Proceedings of the 55th Annual Meeting of the ISSS - 2011, Hull, UK, Proceedings of the 55th Annual Meeting of the ISSS

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USING COMPLEX NETWORK ANALYSIS AND VISUALISATION TO ANALYSE PROBLEMATIC ENTERPRISE SCALE INFORMATION SYSTEMS?

David Greenwood, Ian Sommerville

Abstract


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Society is demanding larger and more complex information systems to support increasingly complex and critical organisational work. During or after the deployment of these systems it is typical for problematic socio-technical issues to arise. Whilst troubleshooting socio-technical issues in small-to-medium scale situations may be achievable using approaches such as rapid ethnography combined with a theoretical framework such as distributed cognition or activity theory; troubleshooting enterprise scale situations is an open research question because of the overwhelming number of socio-technical elements and interactions involved.

Techniques and tools for complex network analysis enable the analysis of systems comprising large numbers of nodes. These tools are becoming increasingly accessible to non-computer scientists and mathematicians and so have been used to analyse a diverse variety of large-scale systems from social networks through to metabolic pathways in living organisms. We believe there is scope to use similar techniques to facilitate the analysis of problematic enterprise scale socio-technical systems.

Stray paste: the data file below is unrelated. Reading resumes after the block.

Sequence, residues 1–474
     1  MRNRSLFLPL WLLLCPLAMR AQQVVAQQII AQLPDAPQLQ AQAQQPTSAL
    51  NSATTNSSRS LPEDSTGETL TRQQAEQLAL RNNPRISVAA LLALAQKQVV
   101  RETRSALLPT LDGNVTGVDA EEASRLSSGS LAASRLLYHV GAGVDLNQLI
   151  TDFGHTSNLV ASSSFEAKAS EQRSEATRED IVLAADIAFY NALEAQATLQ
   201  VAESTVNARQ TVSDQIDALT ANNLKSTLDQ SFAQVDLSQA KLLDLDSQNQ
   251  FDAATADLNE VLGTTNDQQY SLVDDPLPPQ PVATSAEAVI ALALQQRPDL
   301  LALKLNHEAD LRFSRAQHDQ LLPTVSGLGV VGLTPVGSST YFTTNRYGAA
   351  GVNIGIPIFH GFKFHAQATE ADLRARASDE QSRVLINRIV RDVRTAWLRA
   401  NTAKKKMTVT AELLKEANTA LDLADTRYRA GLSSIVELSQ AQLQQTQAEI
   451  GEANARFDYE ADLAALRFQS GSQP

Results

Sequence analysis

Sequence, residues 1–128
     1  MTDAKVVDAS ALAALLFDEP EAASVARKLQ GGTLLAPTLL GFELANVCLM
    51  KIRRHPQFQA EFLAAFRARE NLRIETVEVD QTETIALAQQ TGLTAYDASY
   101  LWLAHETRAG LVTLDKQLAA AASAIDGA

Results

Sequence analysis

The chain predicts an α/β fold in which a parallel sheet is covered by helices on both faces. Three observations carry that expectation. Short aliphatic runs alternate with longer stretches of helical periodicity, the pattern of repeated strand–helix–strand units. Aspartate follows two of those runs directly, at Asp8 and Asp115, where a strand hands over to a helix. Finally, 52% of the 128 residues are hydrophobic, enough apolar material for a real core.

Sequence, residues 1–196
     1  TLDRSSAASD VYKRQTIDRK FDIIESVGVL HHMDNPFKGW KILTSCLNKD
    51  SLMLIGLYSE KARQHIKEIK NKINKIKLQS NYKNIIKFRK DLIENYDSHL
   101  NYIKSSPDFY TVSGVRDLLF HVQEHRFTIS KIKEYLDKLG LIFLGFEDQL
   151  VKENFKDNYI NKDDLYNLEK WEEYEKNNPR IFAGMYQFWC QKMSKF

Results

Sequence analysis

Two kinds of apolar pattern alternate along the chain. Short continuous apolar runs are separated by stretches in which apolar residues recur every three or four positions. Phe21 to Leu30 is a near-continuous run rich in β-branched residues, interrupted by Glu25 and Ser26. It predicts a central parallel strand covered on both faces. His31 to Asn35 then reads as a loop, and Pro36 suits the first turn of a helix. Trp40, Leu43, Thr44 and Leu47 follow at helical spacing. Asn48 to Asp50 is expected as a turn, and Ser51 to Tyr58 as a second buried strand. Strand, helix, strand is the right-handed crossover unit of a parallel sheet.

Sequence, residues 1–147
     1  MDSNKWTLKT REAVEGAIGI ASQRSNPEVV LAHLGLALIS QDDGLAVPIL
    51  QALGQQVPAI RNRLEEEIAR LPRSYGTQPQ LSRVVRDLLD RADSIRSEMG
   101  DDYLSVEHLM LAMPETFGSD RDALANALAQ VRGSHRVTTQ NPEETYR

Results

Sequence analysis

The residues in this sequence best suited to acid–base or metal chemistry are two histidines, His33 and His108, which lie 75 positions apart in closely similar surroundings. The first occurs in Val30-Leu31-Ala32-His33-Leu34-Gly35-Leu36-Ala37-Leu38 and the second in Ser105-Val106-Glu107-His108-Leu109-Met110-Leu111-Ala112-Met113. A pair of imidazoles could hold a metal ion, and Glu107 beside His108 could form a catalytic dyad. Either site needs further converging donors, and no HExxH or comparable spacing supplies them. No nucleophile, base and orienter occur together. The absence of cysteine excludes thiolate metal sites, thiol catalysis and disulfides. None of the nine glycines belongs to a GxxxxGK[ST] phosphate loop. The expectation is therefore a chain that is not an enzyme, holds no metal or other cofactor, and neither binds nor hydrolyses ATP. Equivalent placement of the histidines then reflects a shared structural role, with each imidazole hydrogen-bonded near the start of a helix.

This paper demonstrates, via means of a case study, proof-of-concept tools for large-scale network analysis and visualisation that may provide a promising avenue for identifying problematic elements and interactions amongst an overwhelming number of socio- technical elements. We demonstrate the potential of this approach by showing that: i) a problematic situation may be represented as a directed graph such that the elements in the situation are represented as nodes, and interactions between nodes as edges; ii) that eigenvector centrality may be used to rank the importance of elements in a situation and that highly ranked elements match those identified as important by a human analyst; iii) the ‘complexity’ of a situation, or a part of a situation, may be characterised using a feedback degree score which provides an indication of the extent elements are highly interconnected and involved in feedback loops. These findings indicate that computers may be used to aid the analysis of problematic large-scale complex socio-technical situations by highlighting elements, or groups of interacting elements, that are important to the overall outcome of a problematic situation.

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